Are you hesitating about a return to the workforce because you think you’re past your prime? Age should not be a factor in your decision–and there is solid evidence backing that up.
First of all, you’re probably not anywhere near the age that employers would consider “old”. I once had a conversation with a woman in her late 30s who clearly thought the workforce was only for 20-year-olds. When I asked her if she ever entertained the idea of returning to work, she said, “Oh no, not at my age…but I hope that my daughters will be doctors.”
(As an aside, it may seem too late for an almost 40-year-old to put in the years of study and training to become a doctor, but I personally know two 50+ year-olds who switched careers and pursued nursing–one who I write about in “Candy Striper Revisited“.)
Women in their 40s, 50s and even 60s and 70s should not ever feel that work opportunities have passed them by. In fact, the late 2012 Adecco Staffing Mature Worker Survey (conducted at a time when the job market was weak and employers could pick and choose their ideal candidates from a never-ending pool of qualified job seekers) points out that hiring managers are three times more likely to hire a mature worker than a Millennial (those born between 1980 and 2000).
Here are more important facts you should know:
- When hiring managers are asked to name top attributes for mature workers and Millennials, they say reliable and professional for older workers and creative and strong networkers for younger workers.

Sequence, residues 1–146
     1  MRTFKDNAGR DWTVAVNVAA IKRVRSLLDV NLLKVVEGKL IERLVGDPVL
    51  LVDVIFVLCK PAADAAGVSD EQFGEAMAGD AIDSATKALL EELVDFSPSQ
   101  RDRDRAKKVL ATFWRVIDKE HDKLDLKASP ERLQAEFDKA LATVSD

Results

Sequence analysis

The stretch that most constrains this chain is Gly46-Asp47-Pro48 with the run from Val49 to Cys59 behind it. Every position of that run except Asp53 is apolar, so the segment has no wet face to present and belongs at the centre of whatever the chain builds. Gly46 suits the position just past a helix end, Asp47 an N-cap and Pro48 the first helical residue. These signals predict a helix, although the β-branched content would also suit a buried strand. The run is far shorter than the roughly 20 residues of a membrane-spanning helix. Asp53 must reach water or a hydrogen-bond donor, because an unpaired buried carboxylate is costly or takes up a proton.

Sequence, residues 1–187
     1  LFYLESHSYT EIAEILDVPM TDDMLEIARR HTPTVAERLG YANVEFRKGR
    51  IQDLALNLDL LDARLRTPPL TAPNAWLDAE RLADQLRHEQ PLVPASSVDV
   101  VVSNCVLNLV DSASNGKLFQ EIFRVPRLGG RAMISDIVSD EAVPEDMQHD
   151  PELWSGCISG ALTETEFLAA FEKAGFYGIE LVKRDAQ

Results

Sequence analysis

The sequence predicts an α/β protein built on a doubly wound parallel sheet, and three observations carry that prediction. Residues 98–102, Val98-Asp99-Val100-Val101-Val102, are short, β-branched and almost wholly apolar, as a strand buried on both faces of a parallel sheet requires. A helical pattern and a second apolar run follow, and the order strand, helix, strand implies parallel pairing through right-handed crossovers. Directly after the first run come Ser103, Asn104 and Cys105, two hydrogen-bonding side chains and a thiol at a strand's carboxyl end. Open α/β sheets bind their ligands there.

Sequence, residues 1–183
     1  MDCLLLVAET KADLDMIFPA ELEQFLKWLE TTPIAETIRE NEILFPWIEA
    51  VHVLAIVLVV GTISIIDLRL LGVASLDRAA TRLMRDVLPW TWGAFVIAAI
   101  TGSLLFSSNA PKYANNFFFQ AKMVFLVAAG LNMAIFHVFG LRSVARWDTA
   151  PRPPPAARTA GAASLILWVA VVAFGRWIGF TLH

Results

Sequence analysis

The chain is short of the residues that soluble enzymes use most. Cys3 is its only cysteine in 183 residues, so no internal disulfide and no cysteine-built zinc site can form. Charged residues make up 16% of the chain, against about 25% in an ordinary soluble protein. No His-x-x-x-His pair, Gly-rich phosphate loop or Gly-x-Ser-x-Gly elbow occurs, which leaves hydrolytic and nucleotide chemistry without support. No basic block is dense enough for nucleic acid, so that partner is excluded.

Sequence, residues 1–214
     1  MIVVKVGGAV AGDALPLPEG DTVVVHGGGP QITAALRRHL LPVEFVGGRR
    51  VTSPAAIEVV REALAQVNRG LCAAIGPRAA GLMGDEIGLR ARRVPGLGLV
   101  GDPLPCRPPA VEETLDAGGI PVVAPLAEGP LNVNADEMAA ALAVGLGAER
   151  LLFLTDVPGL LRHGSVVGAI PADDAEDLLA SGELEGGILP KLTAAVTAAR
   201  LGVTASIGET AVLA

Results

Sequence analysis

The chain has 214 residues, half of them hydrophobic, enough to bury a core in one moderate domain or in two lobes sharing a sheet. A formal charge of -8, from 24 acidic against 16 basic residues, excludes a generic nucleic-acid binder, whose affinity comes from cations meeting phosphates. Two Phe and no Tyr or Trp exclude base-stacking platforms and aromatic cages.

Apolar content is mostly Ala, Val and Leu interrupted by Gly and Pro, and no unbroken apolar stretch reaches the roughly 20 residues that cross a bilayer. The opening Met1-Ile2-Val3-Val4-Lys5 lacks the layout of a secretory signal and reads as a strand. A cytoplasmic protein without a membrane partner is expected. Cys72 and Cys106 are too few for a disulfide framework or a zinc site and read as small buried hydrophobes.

- Hiring managers think older workers are much stronger writers.
- Mature workers are likely to be committed to a company for the long-term–and hiring managers fear that Millennials have little staying power.
- Overall, hiring managers find fewer challenges in hiring older workers.
When it comes to skills that need strengthening, it’s no surprise that hiring managers feel that older workers are often not technology pros. This is especially true if you have been out of the business world (or out of a volunteer role that requires business skills) for many years. It should not, however, be a barrier to your return. It’s pretty simple to get up to speed with technology in a fairly short time. (Read my blog post, “Get Out of the Technology Wasteland” for a quick rundown on what you need to learn.]
The other shortcoming hiring managers see in older candidates is a lack of sales skills. That’s not sales skills for a sales job–it’s the skills needed to sell your fit for a job. With women returning to the workforce it all comes down to confidence–and these facts that show older job seekers are welcome candidates should give you newfound conviction that you are indeed young and vital enough to apply your skills and experience to a money-making job. —KAS
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